This year’s unprecedented shift to remote working has shown that it’s time to start actively imagining a safe, radical alternative to the traditional office design model in which new generations can work and thrive in a future post COVID-19.
With the shockwaves of COVID-19 still resonating around the world, some of the areas transforming most are our working environments. This year has seen the world’s economy enter total flux, driving many to theorise that the shift from structured full-time employment to a more free-flowing freelance model will see widespread acceleration in the near future, as companies look to streamline costs as well as prioritise employee safety by limiting the number of staff in a physical workspace. Newly graduated members of Gen Z will likely be working in a world where the gig economy is the norm: but with the current trend for multi-purpose, open-plan workspaces effectively halted by social distancing regulations, what will the office spaces of the future need to look like?
According to the Workforce Institute, Gen Z’s attitudes to work differ hugely from the more progress-orientated ideals of Millennial motivation—an understandable shift, with this generation facing the worst recession since the 1930s, and unemployment of those with mid-level qualifications expected to reach 27% in upcoming years.
Valuing job security and financial stability, it’s likely that the emerging Gen Z workforce will be highly driven, pursuing multiple income streams in order to acquire the kind of diversity that can withstand the huge economic shifts they’ve grown up with. In contrast to Millennials’ willingness to embrace virtual meetings, interactions, and learning environments, Gen Z tend to prefer face-to-face communication, so it’s important to remember that, despite the increase in remote and freelance collaboration, the physical workspace will continue to be a necessary and vital hub of working culture and community.
Flexible working, through a combination of digital and physical channels, has quickly become the standard. As a result, comparatively private spaces within the office plan, where staff can take part in digital meetings while maintaining distance, are becoming more common. Workplace culture will also change: good communication skills, while always having been important, will become essential in both digital and physical environments, in order to maintain trust and a sense of cohesive workplace identity and goals between team members.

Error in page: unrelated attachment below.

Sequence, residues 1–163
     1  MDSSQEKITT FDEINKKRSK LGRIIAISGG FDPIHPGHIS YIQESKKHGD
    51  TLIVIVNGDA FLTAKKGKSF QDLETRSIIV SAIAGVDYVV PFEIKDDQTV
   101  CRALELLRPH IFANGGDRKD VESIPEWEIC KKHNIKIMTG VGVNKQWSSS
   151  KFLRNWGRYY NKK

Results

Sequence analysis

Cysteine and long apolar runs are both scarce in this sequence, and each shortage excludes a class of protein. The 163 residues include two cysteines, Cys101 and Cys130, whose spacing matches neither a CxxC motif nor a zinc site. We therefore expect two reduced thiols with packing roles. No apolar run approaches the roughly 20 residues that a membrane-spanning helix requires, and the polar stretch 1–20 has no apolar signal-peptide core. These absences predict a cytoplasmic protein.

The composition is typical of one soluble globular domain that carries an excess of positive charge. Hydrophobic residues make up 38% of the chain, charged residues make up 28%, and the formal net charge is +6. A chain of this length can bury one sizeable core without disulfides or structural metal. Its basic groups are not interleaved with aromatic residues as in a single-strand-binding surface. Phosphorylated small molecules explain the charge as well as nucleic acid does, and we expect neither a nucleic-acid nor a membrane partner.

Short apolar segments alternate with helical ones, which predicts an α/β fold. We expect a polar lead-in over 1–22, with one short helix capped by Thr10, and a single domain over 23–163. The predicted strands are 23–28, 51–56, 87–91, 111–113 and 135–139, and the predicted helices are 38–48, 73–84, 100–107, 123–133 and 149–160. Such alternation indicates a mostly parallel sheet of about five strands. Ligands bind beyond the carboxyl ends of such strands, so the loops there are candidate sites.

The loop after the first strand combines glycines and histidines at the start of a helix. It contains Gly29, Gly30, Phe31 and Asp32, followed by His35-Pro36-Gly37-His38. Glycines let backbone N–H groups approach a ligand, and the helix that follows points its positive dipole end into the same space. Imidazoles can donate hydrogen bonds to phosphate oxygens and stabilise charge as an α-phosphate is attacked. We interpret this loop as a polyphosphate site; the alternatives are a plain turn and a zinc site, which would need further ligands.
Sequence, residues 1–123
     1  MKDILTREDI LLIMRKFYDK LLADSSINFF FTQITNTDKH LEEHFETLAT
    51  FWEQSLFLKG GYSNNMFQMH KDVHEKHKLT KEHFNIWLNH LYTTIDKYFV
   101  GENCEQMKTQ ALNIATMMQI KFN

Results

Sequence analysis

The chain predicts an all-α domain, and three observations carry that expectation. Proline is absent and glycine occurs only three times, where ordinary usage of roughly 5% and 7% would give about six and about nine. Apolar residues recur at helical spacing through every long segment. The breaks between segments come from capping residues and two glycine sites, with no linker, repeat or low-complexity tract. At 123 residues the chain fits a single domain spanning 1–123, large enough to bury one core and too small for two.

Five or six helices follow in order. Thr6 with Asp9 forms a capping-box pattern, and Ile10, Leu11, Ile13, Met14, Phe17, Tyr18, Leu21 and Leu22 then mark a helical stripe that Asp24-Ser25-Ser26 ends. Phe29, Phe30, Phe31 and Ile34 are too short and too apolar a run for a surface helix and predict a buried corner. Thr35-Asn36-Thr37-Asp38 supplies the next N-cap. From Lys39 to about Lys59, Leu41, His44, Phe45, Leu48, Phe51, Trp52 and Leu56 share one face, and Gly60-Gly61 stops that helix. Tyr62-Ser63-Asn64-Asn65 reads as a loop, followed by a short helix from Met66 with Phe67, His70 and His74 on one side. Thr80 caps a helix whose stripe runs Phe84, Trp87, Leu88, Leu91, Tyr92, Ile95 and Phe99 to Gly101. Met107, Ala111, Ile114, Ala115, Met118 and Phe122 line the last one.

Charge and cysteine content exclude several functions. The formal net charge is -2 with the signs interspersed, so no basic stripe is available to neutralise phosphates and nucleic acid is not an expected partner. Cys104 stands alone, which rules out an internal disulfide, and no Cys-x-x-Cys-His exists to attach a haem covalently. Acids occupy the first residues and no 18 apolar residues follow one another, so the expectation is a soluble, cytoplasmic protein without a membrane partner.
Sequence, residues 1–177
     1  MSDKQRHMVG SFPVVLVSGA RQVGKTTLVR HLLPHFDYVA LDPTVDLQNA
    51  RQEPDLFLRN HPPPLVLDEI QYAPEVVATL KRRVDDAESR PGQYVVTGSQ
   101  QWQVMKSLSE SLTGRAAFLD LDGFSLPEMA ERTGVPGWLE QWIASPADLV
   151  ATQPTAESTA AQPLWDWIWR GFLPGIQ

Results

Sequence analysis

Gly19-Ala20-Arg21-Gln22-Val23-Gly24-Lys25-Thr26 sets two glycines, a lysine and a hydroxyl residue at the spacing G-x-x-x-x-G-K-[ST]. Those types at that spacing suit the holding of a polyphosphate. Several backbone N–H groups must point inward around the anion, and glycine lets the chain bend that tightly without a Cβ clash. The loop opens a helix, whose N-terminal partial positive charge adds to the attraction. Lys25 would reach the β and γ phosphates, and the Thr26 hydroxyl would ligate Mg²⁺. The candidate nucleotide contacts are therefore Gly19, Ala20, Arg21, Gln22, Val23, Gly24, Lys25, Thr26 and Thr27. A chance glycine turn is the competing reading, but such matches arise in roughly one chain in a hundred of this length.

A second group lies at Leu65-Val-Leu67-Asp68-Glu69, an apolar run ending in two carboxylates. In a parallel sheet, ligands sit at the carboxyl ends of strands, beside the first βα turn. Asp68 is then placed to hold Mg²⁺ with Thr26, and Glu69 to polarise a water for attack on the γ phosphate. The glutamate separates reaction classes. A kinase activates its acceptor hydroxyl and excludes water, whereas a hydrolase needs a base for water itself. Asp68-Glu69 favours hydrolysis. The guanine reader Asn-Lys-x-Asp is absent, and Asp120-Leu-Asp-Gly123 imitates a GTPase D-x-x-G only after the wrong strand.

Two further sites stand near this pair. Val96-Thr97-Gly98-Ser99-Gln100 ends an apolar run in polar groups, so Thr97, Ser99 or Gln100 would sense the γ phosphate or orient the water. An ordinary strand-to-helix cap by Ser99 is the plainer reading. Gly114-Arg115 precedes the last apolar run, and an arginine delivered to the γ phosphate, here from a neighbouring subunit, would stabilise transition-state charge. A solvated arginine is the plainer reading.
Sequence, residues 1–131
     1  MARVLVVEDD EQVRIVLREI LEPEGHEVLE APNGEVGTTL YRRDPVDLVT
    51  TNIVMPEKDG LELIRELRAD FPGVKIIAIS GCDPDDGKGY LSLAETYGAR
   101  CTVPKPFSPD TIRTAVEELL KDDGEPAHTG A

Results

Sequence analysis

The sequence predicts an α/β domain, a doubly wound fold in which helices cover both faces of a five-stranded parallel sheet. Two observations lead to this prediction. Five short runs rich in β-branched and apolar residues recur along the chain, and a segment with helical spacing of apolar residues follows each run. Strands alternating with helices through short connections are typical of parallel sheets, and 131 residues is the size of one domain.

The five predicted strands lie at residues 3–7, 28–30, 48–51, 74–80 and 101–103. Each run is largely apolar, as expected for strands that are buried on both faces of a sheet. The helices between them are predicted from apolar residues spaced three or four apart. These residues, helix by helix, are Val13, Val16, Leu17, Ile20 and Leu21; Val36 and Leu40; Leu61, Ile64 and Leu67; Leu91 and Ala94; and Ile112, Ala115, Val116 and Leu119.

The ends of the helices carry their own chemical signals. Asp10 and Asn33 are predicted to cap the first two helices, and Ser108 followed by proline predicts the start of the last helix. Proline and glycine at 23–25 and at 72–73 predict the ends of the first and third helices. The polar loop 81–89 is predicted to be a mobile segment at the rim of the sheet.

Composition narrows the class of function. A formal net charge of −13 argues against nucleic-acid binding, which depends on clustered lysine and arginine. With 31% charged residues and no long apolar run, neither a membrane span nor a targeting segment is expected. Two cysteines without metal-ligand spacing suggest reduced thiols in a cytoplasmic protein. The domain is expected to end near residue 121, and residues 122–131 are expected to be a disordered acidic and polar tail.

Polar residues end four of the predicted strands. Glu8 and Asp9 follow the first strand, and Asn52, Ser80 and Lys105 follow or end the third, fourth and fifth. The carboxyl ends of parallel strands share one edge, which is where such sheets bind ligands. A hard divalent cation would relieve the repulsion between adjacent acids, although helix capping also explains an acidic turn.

Creativity can flourish within restrictions, and we believe that what might appear to be an obstacle is often only a challenge, requiring invention and a willingness to interrogate traditional ideas. This period of transition will lead the workplaces of future generations to not only embrace and integrate new technologies into daily working life, but also to rigorously assess office infrastructure. Already, we’re implementing new solutions for the unique challenges of these uncertain times, building agility and adaptability into our workspaces to accommodate for the natural flexing of staff numbers in the office. As social distancing guidelines continue to remain in place and typical work models continue to adjust, our approach to workplace design will continue to transform.
Businesses are combating potential transference risks through behavioural and environmental measures like desk booking systems, additional hand washing stations, two-metre social distancing and one-way flow systems. Employee health and wellbeing have a renewed focus with an emphasis on natural lighting, temperature control and better air quality to help keep employees happy amidst the fluctuations of working life with COVID-19. All these measures and more, in conjunction with the increased flexibility of remote working, have the potential to revolutionise how and what the office can accomplish.
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